Cuomo landed in Havana Monday for the two-day trip with a host of elected officials and business leaders, including Assembly Speaker Carl Heastie, Senate Minority Leader Andrea Stewart-Cousins and Independent Democratic Conference Leader Jeff Klein.
Yogurt maker Chobani, airline Jet Blue and MasterCard are a few of the businesses taking the trip with Cuomo.
"We've become much more aggressive in going out and seeking business opportunities for New York, what we call Global NY which is where we look for international business opportunities for the state of New York," Cuomo at the start of a business roundtable in Havana, according to a video recording of the meeting.
The trip is the first in Cuomo's $35 million Global NY initiative.
Although Cuomo says the trip is to develop business relationships, he has faced pressure to speak about the lack of gay rights Cuban residents face.
Cuomo helped push through New York state's Marriage Equality Act. Earlier this month, he banned non-essential travel to Indiana after a religious freedom law there was criticized for allowing discrimination against the LGBT community.
"Isolation has not worked. We've had 50 years of isolation and it has not worked," Cuomo said. "Engagement and full relationships is the best way to have a dialogue on the issues we agree with and on the issues that we disagree about," the governor added.
Not everyone believes the trip is worthwhile.
John Kavulich, president of the U.S.-Cuba Trade and Economic Council, said Cuomo's trip is taking place too early.
"It's a visit that should take place, it just shouldn't take place now," he said.
Official diplomatic relations with Cuba have yet to be restored, meaning that no trade agreements can be negotiated.
"When Cuba gets diplomatic relations established, Cuomo has more leverage to say: 'How can I help companies in my state export products to Cuba?'" said Kavulich. "Far more important than being the first governor to visit Cuba after Obama's announcement would have been for him to be the first governor walking into the new United States Embassy in Cuba."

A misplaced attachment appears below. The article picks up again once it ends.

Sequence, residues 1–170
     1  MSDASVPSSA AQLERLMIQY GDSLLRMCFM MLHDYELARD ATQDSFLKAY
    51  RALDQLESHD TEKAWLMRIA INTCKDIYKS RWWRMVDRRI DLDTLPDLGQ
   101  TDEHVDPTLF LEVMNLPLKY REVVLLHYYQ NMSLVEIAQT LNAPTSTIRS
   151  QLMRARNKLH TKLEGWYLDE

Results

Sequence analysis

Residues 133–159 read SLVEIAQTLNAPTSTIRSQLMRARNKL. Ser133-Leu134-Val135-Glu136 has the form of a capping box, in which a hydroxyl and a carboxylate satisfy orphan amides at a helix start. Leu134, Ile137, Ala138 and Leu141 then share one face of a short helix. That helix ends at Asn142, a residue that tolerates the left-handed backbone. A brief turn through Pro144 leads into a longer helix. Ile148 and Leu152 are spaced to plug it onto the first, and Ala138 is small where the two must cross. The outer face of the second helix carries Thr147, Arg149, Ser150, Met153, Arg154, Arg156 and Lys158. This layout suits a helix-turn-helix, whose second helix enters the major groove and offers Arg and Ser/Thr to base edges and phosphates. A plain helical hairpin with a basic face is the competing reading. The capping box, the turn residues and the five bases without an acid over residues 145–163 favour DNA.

Cuomo, acknowledged that diplomatic relations had not been restored.
"Longer term, we are looking forward to the embargo, as we call it in the United States, being lifted legally by Congress so that we can have a normalization of relations," said Cuomo.
Cuomo, not known for his international travel, will keep the trip brief at less than 48 hours.
"After this last election a lot of people said Cuomo has no shot to run for president," said Falcón. "This trip rings speculation about his aspirations for national office and efforts to try to boost his profile."
But if Cuomo is looking for a boost from the Latino community from this trip, he may have miscalculated.
"The main buzz in the Latino community is about the lack of Latinos on the trip," said Falcón.
Jose F. Buscaglia-Salgado, director of Caribbean, Latin American, and Latino Studies for the University at Buffalo, is the only Latino official identified by the governor's office as attending the trip.
None of the legislators are Latino and none of the businesses appear to be Latino-owned.
"It's ridiculous to go to Cuba and not be able to identify any Latino businesses to take on the trip or identify any Latino legislators to go on the trip," said Falcón.
"This is taxpayers shelling out a lot of money for a trip whose purpose is not clear it, which seems more political than economic and that raises more questions than answers," he added.
The governor's office did not provide the cost of the trip.
Cuomo's itinerary Monday includes a meeting with Rodrigo Malmierca Díaz, the Cuban Minister of Trade and Foreign Investments, First Vice President Miguel Diaz-Canel and Cardinal Jaime Lucas Ortega y Alamino.
During the roundtable meeting the governor praised Cuban President Raúl Castro and President Barack Obama and joked about receiving his first Cuban cigar from Diaz "which I intend to enjoy right after this meeting," Cuomo said.
After the meeting, Cuomo took a walking tour of Old Havana where he checked out an antique car and met with students from the State University of New York who are studying in Cuba as a part of exchange programs.
"We believe this is going to be a dramatic change that is going to be to the benefit of the people of Cuba and also to the people of the United States," said Cuomo.